nothing to ask them for advise))
- One surgeon, Dr Hyver, so you know who you're getting
- The equipment is only used by him (I would be under the impression by
default that, contrary to a PC, having another professional use it would
not necessarily be a problem, but I may be very wrong, and having only
one person use the equipment can only be a good thing)
- Reasonably priced for the area ($3000 for both eyes, including all pre and
post care, and virtually free 2nd tuneup operation within a year if needed).
Note that the price can vary on what amount of correction you need, and I'm
sure it can change up or down with time, and equipment updates.
While I did compare prices with a few other facilities (and it was
attractive in comparison), it's obviously not something that you want to
spend the least amount of money you can no matter what: the latest up to
date equipment, can't be cheap, and a beginner surgeon trying to build up
a clientele will probably charge less, but would you want to settle for
All I can say is that
Dr Hyver and
his team made this as comfortable as it could possibly be, and did a great
job in all aspects, from being friendly, convivial, having a nice center with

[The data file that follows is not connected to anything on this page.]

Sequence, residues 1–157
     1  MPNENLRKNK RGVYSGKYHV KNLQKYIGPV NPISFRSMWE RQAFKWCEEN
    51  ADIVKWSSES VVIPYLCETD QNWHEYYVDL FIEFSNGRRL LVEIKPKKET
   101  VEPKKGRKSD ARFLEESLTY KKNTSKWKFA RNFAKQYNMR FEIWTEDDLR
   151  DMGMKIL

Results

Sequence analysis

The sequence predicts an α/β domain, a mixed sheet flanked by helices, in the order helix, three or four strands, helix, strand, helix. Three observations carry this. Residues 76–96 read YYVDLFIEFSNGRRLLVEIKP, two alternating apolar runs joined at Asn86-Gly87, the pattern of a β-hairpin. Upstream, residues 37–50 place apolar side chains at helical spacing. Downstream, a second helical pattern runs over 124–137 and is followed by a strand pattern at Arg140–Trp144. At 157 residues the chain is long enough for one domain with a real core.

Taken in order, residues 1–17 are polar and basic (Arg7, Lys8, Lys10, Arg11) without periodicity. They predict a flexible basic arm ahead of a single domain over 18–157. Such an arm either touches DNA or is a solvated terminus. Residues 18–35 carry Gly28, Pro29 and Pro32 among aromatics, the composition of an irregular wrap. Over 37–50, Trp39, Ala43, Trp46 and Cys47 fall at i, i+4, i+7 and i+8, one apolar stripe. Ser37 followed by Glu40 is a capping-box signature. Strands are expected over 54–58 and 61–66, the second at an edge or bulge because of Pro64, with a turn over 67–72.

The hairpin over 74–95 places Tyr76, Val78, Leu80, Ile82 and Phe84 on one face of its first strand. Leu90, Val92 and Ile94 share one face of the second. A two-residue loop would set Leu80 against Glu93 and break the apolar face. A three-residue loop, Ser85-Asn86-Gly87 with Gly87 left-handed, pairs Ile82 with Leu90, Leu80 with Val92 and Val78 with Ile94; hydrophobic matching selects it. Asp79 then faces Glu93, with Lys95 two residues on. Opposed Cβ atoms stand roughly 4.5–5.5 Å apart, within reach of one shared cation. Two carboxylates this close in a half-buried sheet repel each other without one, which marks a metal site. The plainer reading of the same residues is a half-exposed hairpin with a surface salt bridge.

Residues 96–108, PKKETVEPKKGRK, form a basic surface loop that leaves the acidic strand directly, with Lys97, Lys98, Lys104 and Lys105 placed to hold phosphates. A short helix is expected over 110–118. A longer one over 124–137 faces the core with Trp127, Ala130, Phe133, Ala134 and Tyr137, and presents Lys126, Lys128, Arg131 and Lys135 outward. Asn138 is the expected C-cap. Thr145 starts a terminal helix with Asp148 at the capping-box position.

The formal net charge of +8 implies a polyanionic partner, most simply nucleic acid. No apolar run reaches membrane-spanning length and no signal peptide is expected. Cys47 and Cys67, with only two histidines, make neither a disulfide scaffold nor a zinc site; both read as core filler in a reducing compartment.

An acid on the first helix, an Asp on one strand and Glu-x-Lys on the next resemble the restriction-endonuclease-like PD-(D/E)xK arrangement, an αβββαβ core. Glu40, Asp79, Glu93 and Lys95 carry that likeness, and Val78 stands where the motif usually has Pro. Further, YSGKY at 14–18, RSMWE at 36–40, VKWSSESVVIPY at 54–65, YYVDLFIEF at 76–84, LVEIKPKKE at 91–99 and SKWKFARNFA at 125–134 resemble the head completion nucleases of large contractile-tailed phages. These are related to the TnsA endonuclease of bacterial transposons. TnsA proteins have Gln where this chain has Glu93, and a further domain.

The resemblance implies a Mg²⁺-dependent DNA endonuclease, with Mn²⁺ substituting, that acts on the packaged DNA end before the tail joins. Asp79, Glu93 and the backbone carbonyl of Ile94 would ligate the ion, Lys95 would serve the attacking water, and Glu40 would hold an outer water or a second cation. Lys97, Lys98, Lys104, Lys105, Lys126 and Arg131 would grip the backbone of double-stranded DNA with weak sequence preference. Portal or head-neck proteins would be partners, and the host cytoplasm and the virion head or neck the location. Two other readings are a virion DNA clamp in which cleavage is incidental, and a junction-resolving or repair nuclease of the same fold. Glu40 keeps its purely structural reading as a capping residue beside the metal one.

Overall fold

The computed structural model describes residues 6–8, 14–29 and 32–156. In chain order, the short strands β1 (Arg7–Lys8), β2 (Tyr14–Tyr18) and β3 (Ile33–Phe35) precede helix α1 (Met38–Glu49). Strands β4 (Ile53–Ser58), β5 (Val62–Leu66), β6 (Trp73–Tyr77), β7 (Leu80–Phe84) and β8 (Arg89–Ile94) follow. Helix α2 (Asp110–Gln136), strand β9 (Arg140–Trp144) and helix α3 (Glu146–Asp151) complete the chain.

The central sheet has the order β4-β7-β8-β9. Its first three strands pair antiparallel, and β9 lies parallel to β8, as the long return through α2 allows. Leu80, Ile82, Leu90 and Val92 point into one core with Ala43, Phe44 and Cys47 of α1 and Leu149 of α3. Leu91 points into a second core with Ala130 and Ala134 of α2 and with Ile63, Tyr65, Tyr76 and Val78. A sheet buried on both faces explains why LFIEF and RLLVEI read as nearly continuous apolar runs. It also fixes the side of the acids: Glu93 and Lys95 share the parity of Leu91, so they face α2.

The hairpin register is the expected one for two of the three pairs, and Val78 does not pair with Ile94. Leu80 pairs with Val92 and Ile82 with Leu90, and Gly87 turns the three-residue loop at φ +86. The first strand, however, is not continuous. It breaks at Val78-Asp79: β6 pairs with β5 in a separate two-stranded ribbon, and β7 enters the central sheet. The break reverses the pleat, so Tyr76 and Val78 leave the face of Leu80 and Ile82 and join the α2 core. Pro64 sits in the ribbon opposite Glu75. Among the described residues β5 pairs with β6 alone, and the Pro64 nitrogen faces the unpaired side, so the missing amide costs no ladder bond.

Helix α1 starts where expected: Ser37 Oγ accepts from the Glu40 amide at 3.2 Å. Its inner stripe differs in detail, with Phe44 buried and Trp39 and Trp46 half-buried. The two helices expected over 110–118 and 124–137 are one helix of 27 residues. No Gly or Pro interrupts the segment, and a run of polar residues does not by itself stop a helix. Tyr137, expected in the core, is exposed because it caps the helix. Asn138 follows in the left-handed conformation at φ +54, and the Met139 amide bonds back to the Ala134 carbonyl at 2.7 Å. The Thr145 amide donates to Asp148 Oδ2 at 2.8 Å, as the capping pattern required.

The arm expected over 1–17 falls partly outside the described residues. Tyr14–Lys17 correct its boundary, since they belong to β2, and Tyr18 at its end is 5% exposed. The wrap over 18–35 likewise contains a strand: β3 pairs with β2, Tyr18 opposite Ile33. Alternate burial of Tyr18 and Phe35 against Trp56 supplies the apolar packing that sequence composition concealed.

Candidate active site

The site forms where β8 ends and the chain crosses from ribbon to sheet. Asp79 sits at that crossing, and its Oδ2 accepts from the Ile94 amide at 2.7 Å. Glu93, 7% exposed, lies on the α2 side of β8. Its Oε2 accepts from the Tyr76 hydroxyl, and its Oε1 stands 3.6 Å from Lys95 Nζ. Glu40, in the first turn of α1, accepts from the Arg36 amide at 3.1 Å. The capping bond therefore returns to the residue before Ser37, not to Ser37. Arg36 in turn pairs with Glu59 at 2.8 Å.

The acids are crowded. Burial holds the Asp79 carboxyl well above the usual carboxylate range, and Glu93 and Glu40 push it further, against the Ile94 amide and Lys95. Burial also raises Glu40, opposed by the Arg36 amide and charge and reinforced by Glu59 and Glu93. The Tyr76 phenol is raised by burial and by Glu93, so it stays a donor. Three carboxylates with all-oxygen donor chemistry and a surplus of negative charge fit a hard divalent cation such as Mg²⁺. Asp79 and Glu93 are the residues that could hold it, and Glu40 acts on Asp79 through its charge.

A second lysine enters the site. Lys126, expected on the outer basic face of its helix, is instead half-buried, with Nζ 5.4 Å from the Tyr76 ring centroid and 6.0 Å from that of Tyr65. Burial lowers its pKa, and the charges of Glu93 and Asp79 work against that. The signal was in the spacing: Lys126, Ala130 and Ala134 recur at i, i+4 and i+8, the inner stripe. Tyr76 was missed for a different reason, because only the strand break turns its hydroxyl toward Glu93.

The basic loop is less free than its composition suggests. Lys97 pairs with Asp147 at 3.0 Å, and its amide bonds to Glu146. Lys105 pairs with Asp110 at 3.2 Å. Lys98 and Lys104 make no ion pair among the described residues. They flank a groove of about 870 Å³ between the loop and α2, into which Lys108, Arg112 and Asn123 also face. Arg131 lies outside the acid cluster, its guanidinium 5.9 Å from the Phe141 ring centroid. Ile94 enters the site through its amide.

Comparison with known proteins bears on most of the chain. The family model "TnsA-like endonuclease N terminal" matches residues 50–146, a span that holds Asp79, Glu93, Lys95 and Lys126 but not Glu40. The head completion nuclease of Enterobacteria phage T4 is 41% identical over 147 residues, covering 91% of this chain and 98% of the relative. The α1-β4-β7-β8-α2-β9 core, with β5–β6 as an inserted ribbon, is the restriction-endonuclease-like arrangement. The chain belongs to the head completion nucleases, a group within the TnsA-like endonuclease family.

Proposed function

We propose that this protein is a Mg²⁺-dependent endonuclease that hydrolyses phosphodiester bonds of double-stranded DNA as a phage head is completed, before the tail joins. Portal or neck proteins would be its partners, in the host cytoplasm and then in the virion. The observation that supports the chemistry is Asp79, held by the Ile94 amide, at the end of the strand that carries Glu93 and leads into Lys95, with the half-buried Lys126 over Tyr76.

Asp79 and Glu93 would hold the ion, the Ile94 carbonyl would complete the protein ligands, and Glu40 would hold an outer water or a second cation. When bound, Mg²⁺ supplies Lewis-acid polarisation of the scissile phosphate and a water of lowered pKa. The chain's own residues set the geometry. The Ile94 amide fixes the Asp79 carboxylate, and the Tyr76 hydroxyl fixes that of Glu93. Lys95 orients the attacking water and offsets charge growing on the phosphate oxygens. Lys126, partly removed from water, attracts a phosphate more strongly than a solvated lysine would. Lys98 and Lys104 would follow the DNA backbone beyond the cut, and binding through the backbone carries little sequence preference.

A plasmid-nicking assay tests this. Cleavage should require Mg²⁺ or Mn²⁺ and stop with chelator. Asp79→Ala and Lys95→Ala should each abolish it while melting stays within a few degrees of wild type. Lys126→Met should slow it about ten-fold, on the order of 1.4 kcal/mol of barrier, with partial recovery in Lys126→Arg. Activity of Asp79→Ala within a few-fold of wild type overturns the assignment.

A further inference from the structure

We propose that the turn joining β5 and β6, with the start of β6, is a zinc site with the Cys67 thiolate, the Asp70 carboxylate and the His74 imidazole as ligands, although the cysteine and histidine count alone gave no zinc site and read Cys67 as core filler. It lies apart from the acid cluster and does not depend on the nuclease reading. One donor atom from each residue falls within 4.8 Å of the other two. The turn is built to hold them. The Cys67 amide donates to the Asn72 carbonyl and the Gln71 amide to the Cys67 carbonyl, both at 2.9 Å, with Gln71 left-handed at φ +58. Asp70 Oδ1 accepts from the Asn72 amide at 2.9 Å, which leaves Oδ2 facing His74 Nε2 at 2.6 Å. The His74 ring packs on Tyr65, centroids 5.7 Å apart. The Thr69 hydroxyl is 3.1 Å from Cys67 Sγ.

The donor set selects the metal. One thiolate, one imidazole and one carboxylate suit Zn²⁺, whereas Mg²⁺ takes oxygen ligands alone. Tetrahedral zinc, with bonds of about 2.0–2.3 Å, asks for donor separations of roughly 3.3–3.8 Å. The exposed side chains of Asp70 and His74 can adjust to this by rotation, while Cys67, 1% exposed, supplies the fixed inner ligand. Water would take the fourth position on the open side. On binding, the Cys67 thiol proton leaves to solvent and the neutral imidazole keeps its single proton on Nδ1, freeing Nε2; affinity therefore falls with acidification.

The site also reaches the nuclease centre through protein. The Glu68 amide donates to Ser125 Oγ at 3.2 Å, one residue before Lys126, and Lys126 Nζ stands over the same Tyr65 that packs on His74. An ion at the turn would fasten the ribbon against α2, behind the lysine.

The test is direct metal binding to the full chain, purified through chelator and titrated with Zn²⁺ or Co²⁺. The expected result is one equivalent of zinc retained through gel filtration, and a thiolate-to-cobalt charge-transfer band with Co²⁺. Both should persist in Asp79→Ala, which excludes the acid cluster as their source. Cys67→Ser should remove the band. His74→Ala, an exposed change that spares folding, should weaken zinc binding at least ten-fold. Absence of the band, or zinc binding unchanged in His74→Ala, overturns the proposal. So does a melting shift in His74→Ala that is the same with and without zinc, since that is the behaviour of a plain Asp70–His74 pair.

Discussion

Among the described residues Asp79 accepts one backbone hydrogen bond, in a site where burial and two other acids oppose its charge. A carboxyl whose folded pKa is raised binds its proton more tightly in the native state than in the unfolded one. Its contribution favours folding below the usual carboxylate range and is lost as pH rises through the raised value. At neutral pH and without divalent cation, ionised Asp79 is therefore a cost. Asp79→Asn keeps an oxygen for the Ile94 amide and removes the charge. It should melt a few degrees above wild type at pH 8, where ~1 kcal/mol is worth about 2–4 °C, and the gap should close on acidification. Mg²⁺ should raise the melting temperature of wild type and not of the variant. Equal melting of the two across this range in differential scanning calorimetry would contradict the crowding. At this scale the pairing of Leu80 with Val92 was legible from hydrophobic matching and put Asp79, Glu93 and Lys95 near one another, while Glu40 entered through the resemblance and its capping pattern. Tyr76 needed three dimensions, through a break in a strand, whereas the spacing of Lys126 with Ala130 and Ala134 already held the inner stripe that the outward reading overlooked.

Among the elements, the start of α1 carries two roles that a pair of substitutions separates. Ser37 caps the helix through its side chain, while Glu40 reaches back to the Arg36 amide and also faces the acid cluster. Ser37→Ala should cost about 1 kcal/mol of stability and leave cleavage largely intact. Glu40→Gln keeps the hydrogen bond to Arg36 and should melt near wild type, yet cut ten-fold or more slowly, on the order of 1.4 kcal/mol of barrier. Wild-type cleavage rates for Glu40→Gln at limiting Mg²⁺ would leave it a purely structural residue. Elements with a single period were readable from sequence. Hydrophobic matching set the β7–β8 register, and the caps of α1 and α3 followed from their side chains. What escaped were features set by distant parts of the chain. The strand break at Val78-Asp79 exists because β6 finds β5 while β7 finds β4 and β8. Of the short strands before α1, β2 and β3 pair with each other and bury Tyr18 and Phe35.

up to date equipment, and giving people access to the procedure by working
in a room with glass windows visible from the waiting room, and showing the eye
during procedure on a TV screen there too (although for some, it might be more
than you need to see).
From having enjoyed access to great medical care in France for 24 years (the
few times I've needed it), I've been critical of specialists here who treat you
like cattle (my worst was having to strip, put on a surgical gown, and wait in
a rather cold room for more than 30mn for the specialist who showed up, spent a
full 4mn with me, and went off where I never saw him again, when all I had was
back pain, which of course did not require me to strip, but god forbid that 5%
of the patients might waste 1mn of the specialist's precious time while they
remove some article of clothing if needed)
In this case, however, Dr Hyver, consulted me directly before the procedure,
checked my vision himself, even though he had staff fully capable of doing it
too, and he made sure to spend whatever time was necessary with me and answered
my questions. Let's just say that I could not have asked or hoped for anything
Of course, while I was a bit traumatized, I could see right away the
difference with the short glances I had. Dr Heiver checked my eyes quickly
after the surgery, and I could see reasonably well when walking out of there
and felt quite well actually, to the point where I offered to take TM out for